One of the great stalwarts of old-fashioned protests in India is former Union defence minister George Fernandes. He built himself a successful political career by being in constant agitation mode and has little time for these new-fangled modes of protest. "This is action for the sake of it," he says. "It will hardly get you results. Action which is not forceful can never change anything. Lighting a candle will never have the same effect on policy that protesting masses will have," he says, adding, "We used to play the role of a dog—bark when we saw something wrong and even bite if we thought it was necessary. Nowadays the dogs only whine."

With mass mobilisation and party politics getting divorced, the great struggles are no longer associated with political parties or even trade unions. Professor Shiv Visvanathan, senior fellow at the Centre for the Study of Developing Societies, Delhi, says, "With Naxalite and terrorist aggression, peaceful protests now look effete and defeated. Motivated groups realise that protests today are a TV and newspaper event and use more efforts at lobbying the media than protesting."

It also seems that more and more protesters are getting professional assistance in wooing the all-important media. A leading executive at one of India's top publicity management companies told Outlook: "We get many requests from various political organisations and demonstrators to help with these kinds of events. But we prefer not to get involved with protesters who might not be able to pay, or who will flex their political muscle at the drop of a hat!"

However, he hinted that other firms were not so choosy, and did stage-manage protests if the price was right. These companies have the knowledge and experience to ensure that the public gets the message, nuances and all. They can also guarantee a high turnout of television and print media, using their well-oiled publicity machinery. The doctors' anti-reservation agitation was said to have been stage-managed by an event management company.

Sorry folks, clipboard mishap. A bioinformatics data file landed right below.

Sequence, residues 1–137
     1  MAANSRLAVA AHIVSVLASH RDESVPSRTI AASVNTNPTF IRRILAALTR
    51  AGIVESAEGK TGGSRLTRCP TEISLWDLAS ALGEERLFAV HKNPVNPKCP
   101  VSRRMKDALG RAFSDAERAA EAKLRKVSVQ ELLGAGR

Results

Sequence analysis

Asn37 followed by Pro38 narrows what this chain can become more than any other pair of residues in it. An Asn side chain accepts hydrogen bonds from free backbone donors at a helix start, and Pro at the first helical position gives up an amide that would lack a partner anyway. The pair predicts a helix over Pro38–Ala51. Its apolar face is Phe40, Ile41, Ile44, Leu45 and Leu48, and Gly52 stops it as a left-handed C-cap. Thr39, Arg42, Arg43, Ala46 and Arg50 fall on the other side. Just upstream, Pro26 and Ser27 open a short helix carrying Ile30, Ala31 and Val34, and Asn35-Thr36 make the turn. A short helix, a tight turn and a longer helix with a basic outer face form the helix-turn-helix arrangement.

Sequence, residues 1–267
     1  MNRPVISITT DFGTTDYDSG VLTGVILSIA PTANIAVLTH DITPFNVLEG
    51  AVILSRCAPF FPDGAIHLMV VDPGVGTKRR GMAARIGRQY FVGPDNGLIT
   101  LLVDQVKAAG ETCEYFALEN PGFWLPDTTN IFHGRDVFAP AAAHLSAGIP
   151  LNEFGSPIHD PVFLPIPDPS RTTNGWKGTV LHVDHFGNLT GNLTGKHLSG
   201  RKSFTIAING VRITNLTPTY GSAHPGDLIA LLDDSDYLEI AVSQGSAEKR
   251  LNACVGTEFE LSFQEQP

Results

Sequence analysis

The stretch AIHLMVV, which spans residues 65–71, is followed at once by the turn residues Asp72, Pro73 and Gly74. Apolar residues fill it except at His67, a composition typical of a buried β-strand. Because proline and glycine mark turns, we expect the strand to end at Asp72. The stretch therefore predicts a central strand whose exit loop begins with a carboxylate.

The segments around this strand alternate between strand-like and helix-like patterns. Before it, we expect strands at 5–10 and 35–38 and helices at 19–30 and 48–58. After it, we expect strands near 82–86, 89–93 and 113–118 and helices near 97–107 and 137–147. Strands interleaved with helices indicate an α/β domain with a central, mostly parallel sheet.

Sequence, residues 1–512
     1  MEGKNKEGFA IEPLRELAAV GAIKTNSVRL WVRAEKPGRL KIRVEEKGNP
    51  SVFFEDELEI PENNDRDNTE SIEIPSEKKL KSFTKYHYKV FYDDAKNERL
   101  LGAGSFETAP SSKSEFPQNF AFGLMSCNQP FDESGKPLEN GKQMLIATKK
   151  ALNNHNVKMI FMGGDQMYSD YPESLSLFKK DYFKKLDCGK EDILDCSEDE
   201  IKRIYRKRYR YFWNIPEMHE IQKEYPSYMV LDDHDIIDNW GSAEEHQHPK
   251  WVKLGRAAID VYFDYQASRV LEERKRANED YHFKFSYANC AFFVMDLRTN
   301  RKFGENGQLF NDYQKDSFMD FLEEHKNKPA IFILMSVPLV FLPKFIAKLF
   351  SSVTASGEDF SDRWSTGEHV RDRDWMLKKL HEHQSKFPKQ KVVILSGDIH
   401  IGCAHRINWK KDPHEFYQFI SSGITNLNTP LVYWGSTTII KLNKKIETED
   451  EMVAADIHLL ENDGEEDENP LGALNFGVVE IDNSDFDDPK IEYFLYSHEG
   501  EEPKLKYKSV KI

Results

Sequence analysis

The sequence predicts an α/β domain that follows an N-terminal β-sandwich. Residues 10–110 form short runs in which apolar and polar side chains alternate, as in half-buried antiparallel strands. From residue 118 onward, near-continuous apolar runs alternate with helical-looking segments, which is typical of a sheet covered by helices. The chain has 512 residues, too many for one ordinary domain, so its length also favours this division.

Then where does this leave those groups that do not have either the political awareness or the financial support to rely on publicity firms? During the storm of media reports around the anti-quota issue, while student doctors and engineers garnered all the headlines and front-page photographs, it was rare to see any coverage at all of the demonstrations carried out in favour of quotas for OBCs. Says Viswanathan, "OBC protests got a raw deal. They looked simply uninspired, while, on the other hand, one looked forward with ghoulish interest to the doctors' protests. It was as if we were expecting to see the drama of another Rajiv Goswami setting himself on fire."

As Viswanathan puts it succinctly, "Earlier, protest was an extension of page one, today it is an extension of page three."